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Optimise wireless medical devices' battery life

Posted: 05 Nov 2013 ?? ?Print Version ?Bookmark and Share

Keywords:battery powered medical devices? BPMD? scope? DMM? power consumption?

The typical method to analyse the energy requirements of your battery powered medical devices (BPMD) is for the design engineer to assemble multiple instruments and miscellaneous external circuitry. Typically a scope, DMM, or digitizer is used for making measurements (usually two channels, one to measure voltage and the other current), a power supply and/or battery to power the medical device, and some shunt resistors for current measurements. A method to control the medical device (to test its different states of operation) as well as control the instrumentation to collect and analyse the desired data (current, voltage, power) will need to be developed. This can be manual, or semi-automated, by connecting the instruments to a computer and writing software to programmatically control the test. The result is typically multiple files with voltage and current waveforms for the different operating states of the device. It is left up to the designer to manipulate the data to determine power consumption for each of the operating states of the BPMD.

Figure 1: Traditional setup for measuring sleep current.

The information available from this approach is limited. Because of the finite dynamic range of scopes, digitizers, and most DMMs (8-21 bits), different shunt resistors are required to measure the peak values (100mA to Amps) and the sleep current values (low microamps). What is missed is the critical understanding of the transient behaviour from sleep mode to peak demand of your design. Additionally, many of the larger energy demands of the BPMD are dynamic and more challenging to characterise. In summary, this simple power consumption information doesn't provide much insight into how you would change your BPMD design to improve reliability and optimise battery life.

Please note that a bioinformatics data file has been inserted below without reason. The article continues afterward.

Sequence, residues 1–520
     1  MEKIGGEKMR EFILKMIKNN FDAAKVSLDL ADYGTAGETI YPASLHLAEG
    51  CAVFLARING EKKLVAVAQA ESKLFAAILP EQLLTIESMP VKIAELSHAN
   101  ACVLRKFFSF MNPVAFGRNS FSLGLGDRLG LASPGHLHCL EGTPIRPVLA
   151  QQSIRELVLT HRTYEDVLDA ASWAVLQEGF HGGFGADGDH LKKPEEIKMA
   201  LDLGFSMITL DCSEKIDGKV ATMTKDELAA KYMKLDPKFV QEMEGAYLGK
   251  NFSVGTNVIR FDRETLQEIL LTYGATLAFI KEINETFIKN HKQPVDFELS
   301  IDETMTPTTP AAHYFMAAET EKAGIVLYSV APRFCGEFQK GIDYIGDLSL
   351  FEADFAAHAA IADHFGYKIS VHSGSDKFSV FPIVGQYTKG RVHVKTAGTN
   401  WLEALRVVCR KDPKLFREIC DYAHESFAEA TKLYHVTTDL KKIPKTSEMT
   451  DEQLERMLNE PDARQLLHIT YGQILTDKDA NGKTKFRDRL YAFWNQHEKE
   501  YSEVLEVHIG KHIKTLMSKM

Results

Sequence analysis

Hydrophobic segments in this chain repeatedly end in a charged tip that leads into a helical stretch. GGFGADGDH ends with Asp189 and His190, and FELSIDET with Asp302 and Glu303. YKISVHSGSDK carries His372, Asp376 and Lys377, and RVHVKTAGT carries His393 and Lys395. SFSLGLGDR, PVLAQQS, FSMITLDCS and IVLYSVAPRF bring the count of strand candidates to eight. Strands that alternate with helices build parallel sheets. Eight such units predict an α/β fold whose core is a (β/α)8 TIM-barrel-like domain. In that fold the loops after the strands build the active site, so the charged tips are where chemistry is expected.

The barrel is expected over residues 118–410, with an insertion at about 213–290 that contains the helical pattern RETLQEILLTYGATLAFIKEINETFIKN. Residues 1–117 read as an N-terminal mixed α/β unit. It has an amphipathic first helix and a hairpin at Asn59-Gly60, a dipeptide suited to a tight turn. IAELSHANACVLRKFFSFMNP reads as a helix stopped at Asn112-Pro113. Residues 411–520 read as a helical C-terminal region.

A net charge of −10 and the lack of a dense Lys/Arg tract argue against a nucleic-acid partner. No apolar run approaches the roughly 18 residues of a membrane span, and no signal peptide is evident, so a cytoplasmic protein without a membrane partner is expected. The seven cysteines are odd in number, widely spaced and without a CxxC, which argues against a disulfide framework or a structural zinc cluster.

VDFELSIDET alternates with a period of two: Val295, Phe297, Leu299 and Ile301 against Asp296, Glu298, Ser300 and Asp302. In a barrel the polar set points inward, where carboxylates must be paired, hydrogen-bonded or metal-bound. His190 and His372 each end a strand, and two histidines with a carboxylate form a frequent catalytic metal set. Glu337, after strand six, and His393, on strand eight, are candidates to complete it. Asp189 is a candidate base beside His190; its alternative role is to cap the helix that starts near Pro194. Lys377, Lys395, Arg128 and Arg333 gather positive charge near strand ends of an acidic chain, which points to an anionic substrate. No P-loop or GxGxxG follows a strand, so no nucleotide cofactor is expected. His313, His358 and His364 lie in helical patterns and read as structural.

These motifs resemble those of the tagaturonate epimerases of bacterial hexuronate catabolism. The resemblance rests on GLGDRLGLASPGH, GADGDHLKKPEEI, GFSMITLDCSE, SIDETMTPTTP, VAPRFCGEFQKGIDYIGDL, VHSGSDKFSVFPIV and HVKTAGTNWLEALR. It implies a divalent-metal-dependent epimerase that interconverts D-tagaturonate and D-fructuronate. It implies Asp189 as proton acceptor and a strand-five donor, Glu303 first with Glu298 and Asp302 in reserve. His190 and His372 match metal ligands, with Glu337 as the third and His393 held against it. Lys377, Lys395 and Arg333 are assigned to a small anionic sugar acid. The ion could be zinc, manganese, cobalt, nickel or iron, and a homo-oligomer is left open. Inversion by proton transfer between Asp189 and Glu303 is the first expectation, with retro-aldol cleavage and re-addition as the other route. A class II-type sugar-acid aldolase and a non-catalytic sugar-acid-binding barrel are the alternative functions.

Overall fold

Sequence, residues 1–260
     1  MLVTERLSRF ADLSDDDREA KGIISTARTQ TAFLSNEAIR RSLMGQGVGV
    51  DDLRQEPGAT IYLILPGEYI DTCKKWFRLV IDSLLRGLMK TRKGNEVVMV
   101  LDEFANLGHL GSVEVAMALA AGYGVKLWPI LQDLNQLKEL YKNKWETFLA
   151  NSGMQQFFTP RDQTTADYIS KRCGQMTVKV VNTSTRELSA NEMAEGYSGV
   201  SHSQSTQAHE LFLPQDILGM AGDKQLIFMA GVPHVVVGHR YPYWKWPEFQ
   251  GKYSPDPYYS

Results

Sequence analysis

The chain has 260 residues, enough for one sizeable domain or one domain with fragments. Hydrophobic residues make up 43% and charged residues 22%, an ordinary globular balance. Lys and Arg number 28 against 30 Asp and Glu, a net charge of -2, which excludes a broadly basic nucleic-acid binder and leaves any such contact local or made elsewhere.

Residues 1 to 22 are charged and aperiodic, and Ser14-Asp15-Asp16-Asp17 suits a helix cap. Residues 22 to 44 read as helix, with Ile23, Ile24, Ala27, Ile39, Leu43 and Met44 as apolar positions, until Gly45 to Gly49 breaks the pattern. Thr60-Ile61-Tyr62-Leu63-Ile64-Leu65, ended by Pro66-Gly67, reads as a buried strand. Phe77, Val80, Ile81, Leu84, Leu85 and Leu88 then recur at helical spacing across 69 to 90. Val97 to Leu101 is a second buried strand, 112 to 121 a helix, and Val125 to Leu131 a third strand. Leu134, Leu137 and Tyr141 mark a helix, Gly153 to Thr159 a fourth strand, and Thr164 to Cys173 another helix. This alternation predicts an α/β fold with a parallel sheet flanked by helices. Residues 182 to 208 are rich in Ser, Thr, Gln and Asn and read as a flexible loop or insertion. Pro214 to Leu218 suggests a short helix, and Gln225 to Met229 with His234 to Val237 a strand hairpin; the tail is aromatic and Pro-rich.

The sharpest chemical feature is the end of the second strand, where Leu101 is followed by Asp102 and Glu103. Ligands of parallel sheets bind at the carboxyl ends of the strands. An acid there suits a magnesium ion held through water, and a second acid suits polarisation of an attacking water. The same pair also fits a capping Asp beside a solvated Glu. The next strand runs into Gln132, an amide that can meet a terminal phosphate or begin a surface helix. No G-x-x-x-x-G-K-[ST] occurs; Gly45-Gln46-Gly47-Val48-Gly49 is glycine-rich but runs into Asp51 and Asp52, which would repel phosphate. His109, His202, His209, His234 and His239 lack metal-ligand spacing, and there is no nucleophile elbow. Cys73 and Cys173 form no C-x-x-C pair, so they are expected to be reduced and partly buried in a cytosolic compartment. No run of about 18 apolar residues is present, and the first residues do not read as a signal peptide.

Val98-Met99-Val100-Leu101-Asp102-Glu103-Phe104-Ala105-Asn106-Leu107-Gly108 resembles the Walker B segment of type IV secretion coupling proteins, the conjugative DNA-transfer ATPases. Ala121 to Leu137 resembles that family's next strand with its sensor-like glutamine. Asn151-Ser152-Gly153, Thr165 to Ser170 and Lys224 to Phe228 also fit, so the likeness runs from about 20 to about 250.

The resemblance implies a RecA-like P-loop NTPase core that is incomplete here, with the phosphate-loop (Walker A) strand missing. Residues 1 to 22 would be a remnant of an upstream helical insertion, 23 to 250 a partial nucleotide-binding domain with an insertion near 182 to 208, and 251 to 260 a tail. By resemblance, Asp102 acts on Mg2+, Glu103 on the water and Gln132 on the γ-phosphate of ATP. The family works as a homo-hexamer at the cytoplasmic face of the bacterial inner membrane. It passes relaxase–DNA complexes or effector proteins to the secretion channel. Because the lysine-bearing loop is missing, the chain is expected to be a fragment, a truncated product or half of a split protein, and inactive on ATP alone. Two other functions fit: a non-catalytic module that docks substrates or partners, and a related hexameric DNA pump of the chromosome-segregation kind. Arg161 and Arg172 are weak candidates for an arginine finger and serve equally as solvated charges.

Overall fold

An integrated solution
The value of an integrated solution goes beyond saving the time and cost of integrating your own system. With a solution focused on the test challenges mentioned above, you are removed from low value-added tasks like gathering and integrating the instrumentation and writing test programs. Instead, you can spend time analysing more insightful results, giving you confidence to make design changes that lead to a more reliable and energy efficient BPMD.

The new approach uses a different instrument for measuring and analysing your BPMD's power consumption. A source measurement unit (SMU) is a standard instrument, available today, providing an ideal foundation for measuring power consumption. An SMU allows one to source a voltage/current and measure a current/voltage. Since the SMU knows what voltage it applies and the current that it measures, it is capable of making voltage, current, and power measurements without additional equipment. Assuming the SMU's power rating is sufficient, it can also replace the power supply needed in the traditional method. Additionally, an SMU makes current measurements without the need for external shunt resistors.

Combining this measurement capability with a data-logger function allows the capture of voltage, current, and power over time. Not only can multiple operating states of the BPMD be obtained during the datalog record, the BPMD's use of battery capacity (Ah) can also be calculated. Using an SMU based architecture significantly simplifies your setup to measure and analyse the power consumption of your BPMD. For our example, the Wi-Fi blood pressure monitor system (blip) was characterized.

Figure 2: Blip wireless blood pressure cycle: 1) Initial sleep mode, 2) Pressing 'User 1' button to measure blood pressure (BP), 3) Inflating BP cuff, 4) Measuring BP, 5) Passing information for Wi-Fi___33 communication, 6) Wi-Fi transmitting BP measurement information to internet, 7) Display of BP measurement, 8) Return to sleep mode. Markers are set to capture information within the complete measurement cycle. Peak current (during pump operation) was 619mA. Drain on battery capacity for one cycle is 2.37mAh.

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